Monday, February 1, 2010

Anthony Lawrence

In Berlin

where pigeons take flight
and circle the square in Alexanderplatz,
a car alarm does not sound
like the released pressure of the blood
in the head of someone called Isats
who, it's now known, was a man
that walked and talked backwards
through his life, emotionally and historically,
even through the letters of his name -
and of his long poem
about revealing the missing "in"
from the word "former",
there are many who still believe
it sounds like another kind of alarm,
or at least the memory of one -
the kind that Isats might have raised,
in some other time, in East Berlin.


There's been a lot said about this -
in the frames of movies when you slow them down,
inside the waves of radios,
in the distress calls metal fillings receive,
in the idle talk wind translates
and then makes personal,
and how it's not the sea you hear
inside a shell, but the passage of your blood -
a whistling speleologist
descending below the spiral of your ear.

-both poems previously published at MiPOesias

Your Letters

I can’t smell the oil-stained deck ropes
on the last boat leaving
the last town of the Cinque Terra,
or see the highlights in your hair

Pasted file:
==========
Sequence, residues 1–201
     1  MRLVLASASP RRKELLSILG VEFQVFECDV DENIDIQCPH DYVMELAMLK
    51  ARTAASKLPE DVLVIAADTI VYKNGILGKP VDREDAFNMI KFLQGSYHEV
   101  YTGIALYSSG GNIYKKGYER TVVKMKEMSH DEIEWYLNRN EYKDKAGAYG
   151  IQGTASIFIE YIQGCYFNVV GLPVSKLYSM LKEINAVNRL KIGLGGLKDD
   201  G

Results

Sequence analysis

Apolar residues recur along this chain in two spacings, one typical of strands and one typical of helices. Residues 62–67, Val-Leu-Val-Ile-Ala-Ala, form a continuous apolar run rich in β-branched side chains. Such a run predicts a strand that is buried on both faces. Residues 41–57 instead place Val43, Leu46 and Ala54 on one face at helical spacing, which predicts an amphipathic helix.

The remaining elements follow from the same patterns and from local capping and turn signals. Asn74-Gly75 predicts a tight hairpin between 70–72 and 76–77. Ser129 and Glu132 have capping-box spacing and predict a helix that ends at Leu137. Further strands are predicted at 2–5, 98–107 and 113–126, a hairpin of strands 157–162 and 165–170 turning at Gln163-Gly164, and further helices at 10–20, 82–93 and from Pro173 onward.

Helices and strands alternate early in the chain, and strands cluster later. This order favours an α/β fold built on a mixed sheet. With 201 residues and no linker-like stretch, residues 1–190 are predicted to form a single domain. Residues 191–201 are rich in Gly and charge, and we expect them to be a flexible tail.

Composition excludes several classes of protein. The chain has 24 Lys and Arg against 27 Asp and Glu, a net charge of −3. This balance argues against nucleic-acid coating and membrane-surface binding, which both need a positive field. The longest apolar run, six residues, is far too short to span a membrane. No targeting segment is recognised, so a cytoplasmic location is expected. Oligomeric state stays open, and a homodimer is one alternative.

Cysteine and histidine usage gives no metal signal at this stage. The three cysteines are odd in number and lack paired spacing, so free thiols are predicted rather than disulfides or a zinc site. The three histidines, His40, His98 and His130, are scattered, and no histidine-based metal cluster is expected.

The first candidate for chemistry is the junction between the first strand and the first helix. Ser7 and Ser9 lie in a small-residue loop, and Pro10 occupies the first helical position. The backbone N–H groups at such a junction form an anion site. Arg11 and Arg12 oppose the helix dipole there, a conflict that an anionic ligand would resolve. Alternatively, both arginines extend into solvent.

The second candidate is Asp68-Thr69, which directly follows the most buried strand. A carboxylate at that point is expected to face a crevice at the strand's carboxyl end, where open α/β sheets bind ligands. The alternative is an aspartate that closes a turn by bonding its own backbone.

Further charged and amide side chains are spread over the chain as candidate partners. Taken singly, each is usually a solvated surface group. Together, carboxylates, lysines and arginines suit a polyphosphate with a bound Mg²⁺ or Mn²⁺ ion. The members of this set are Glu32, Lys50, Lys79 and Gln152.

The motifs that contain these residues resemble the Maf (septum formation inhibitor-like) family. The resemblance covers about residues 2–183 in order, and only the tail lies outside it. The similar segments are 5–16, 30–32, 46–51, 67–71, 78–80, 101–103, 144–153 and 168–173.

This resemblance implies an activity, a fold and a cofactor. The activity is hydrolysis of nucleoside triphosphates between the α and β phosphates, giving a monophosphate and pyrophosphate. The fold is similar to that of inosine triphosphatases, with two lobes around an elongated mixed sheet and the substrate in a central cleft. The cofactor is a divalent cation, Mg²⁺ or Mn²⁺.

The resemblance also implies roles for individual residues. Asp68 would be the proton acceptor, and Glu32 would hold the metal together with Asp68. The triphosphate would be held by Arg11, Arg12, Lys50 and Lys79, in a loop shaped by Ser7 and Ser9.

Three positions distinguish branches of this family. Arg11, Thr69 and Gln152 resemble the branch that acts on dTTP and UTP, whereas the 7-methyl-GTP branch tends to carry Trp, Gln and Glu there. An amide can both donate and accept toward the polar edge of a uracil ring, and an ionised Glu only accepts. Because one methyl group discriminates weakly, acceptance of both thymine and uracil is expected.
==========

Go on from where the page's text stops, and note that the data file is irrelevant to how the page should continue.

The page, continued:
as you pass the Roman wall in Lucca,
but I can see you’re in a hurry –
the broken flourishes of your thinking
as you run for a train, the word because
reduced to bc in all your correspondence.
I can’t see you there, in that postcard
version of your dreaming, overseas
or when you returned to a life
doubled by keeping your options open
like a wound gone septic from neglect.
Today I see your name on my calendar.
Your birthday will come and go,
untroubled by gift or word, though under-
scored by this certainty: lost in the poor
terrain of your grammar, you worked
a moulting brush through muddy pigments
to abbreviate me.

The Sound of a Life

In frames of elapsed time
and contractions of deep sea light,
an open water dance
between science and bivalve
is bloodflow and the muted sound
of a life hinged and weighted
to its own design.
Behind the shelled meniscus
of a marine biologist’s faceplate,
where assessments of fact and beauty
play across her eyes, under pressure
she hears the blue mazurka
of loss and non-attachment
and she outbreathes what remains
in her tank to understand it

-both poems previously published at Mascara Literary Review

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